The actual behavior revolves around the details of how memory is allocated on the stack (which is implementation dependent, leading to undefined behavior). Let's say when your code is entered (called) the stack offset is 0 at that point and what RSP is pointing tois the return address.
If you take a quick look at the assembler this might jump out at you:
This reserves space for your local variables, and you were expecting this. It's easy to think these 16 bytes are the only stack space we're reserving. And if we go past that, we'll be overwriting the return value and crashing the process (or at least the thread).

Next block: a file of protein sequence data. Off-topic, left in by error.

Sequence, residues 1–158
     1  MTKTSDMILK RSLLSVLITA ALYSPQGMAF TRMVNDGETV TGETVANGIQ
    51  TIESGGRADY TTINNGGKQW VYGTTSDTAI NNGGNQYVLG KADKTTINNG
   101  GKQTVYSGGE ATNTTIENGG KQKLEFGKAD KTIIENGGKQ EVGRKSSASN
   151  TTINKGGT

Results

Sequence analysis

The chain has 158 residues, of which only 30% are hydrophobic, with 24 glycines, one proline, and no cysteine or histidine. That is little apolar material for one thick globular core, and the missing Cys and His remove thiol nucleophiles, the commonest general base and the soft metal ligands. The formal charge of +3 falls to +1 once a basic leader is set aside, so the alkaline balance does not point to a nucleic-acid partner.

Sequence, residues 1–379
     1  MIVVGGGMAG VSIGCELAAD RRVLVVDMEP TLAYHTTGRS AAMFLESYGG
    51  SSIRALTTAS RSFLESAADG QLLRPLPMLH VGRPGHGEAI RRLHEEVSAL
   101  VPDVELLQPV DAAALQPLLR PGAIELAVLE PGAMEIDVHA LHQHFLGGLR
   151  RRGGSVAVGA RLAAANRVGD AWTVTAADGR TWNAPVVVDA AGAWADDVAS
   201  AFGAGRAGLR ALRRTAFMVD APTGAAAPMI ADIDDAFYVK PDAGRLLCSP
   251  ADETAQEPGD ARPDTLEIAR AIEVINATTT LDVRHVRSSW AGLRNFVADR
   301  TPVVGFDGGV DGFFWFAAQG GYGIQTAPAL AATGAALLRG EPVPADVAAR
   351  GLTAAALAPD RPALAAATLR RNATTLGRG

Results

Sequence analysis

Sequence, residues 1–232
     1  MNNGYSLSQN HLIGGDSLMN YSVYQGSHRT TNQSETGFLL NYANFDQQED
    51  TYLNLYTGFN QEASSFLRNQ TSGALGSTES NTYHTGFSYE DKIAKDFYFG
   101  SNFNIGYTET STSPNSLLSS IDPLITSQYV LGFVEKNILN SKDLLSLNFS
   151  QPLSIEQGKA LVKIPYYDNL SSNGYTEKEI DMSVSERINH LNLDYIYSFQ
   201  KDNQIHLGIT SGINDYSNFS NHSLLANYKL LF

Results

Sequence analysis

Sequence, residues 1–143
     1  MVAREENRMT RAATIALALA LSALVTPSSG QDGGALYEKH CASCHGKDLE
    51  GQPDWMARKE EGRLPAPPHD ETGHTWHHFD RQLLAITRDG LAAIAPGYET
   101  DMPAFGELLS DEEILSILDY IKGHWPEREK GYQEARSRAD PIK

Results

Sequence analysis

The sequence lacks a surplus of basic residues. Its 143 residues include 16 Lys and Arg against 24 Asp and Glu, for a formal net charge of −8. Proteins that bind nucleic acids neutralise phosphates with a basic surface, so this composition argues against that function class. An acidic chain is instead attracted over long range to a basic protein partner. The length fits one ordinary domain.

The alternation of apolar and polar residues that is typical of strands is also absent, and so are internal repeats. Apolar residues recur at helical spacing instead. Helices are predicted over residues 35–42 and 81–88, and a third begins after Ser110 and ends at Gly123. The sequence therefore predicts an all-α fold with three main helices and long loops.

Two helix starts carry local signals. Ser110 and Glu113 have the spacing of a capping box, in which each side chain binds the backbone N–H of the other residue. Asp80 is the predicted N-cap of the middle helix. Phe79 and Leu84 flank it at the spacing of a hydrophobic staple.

Because it's easy to miss the first instruction:
Saves the base pointer as part of the calling convention (so the call stack can be traced), and takes up an additional 8 bytes (for 64-bit architecture, ebp is only 4 bytes on 32-bit). So you have 24 bytes before you start to overwrite the return address. And remember if you enter 24 characters, a terminating null ('\0') will be stored as the 25th character, and that's the one that will corrupt the return address.
And while the base pointer stored on the stack is also overwritten, it's not used in
main after that. But note the caller will be messed up because:
Will set RSP to RBP, then POP RBP. So if the caller references local variables after the call returns, there will likely be a problem. If the caller were different (if you were using a different run-time), writing to that 17th character might have been a problem (possibly causing a SEGFAULT in the caller).